February 1, 2019

Tool Helps in Understanding Our Wildlife Neighbors

In Robert Frost’s famous poem Mending Wall, he wrote that “good fences make good neighbors.” He was being ironic of course. Though when it comes to living with wildlife, any serious gardener can tell you there is a grain of truth to the line. While wildlife can be wonderful neighbors, they can also sometimes become nuisances.

A screenshot from the new Wildlife Illinois website showing the section about solving wildlife problems.

Just like people, wildlife must have food, water and shelter to survive. They do not have the luxury of being picky about where they find these resources. And as our world becomes increasingly urbanized, that means more calls from people who have rabbits eating up their vegetable gardens, raccoons using attics as den sites, robins attacking living room windows, and ducks nesting next to swimming pools. That’s where the new Wildlife Illinois website can help.

The website was designed to help people prevent problems with wildlife. Since wildlife damage is often seasonal, the site offers guidance on when certain wildlife behaviors are likely to occur.

It covers prevention-based strategies such as habitat modifications like tree trimming and storing garbage, pet food and firewood. It also gives tips for successfully using repellents, frightening devices and exclusion techniques such sealing chimneys and attic vents.

A screenshot from the new Wildlife Illinois website showing a map of Wildlife Control Operators.

For people who need immediate help with wildlife damage, the site provides contact information for licensed nuisance wildlife control operators. For people looking to assist injured or orphaned wildlife, there is contact information for licensed wildlife rehabilitators. For the Do-It-Yourself types, there are damage control methods tailored by species to make sure the solution fixes the problem at hand.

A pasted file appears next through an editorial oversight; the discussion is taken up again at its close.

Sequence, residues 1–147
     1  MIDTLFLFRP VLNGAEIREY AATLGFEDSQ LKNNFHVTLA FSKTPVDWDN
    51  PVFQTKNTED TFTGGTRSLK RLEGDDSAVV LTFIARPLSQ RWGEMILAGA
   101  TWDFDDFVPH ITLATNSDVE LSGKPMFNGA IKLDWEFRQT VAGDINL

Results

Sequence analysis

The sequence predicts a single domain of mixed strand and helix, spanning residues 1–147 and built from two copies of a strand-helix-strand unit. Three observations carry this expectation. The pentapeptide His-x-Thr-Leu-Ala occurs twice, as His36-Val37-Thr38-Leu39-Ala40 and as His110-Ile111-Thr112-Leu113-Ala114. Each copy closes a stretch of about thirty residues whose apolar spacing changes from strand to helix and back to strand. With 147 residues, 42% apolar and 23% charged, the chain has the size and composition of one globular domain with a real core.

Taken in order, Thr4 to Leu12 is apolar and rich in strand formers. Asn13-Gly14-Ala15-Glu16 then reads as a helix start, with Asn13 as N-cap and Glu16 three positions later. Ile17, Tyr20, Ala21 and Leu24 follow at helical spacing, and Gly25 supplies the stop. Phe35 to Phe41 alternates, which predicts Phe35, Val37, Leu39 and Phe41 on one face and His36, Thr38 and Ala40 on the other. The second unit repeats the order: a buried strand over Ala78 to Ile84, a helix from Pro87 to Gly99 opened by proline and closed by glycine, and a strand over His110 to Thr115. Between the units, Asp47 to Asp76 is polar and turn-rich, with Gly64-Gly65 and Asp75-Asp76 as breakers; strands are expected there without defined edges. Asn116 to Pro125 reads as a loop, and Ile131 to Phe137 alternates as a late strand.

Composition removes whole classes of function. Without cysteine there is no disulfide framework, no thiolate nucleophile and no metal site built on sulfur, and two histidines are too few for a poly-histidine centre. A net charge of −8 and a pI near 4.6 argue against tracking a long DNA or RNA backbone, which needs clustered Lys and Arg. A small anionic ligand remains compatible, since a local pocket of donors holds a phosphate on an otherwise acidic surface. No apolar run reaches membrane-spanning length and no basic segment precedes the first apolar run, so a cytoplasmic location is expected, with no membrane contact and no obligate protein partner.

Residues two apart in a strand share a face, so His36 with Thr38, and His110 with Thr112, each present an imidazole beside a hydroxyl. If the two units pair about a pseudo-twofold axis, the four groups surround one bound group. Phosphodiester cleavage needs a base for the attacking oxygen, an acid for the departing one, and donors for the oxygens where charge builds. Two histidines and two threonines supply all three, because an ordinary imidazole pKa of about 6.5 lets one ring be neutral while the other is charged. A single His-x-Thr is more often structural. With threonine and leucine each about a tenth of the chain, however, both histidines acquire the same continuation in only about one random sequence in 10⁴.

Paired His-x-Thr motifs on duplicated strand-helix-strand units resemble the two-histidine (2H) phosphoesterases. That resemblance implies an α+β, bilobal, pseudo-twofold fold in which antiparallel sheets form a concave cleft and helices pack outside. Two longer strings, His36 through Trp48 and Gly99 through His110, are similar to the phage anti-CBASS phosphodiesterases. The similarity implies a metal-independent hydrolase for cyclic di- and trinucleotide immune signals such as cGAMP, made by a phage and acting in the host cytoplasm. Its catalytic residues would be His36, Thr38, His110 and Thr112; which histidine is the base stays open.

In cases where the potential culprit isn’t known, the “Solve a Wildlife Problem” pages help people figure out what animal or bird is causing the damage based on whether the issue is occurring in a building, yard or agriculture field. The “Wildlife Identification” pages provide a photo gallery of animal signs including tracks, scat, burrows, and different types of wildlife damage. In addition to identification tips for mammals, birds, reptiles and amphibians, this section also provides information about species’ distribution, behavior, habitat requirements, ecological role and legal status. Since many species of wildlife in Illinois are protected, the “Get Help” pages also educate people about when permits are or are not needed. When a permit is needed, a quick on-line form will send the person’s permit request to their local Illinois Department of Natural Resources District Wildlife Biologist for review.

A screenshot from the new Wildlife Illinois website showing a gallery of animal signs.

Sometimes people have concerns about wildlife they have seen. The “Sightings” pages provide an array of information about whether wildlife sightings are “normal,” what to do about seeing coyotes in the neighborhood, what’s going on with squirrels with missing fur and how to report feral swine sightings. This section also provides current information about the rarest wildlife visitors in the state—mountain lions, black bears and gray wolves—along with a quick form to report those sightings.

A screenshot from the new Wildlife Illinois website showing a page giving details about moles.

Like its predecessor, the Living with Wildlife in Illinoiswebsite, the new Wildlife Illinois website helps people find ways to co-exist with wildlife without building fences. But if other prevention techniques have failed and a fence is needed, the site also explains how tall the fence has to be and what gauge of wire to use to keep out the unwelcome wildlife visitor.

Wildlife Illinois was developed by the Illinois Department of Natural Resources, University of Illinois Extension and the National Great Rivers Research and Education Center with assistance from the U.S. Department of Agriculture, APHIS-Wildlife Services under a project funded by a U.S. Fish and Wildlife Service Federal Wildlife Restoration Grant.

Laura Kammin is an Educational Programming Specialist with Lewis and Clark Community College. She formerly held positions at Illinois-Indiana Sea Grant, University of Illinois Extension, Prairie Rivers Network and the Illinois Natural History Survey. She received her master’s degree in wildlife ecology from the University of Illinois, Urbana-Champaign.

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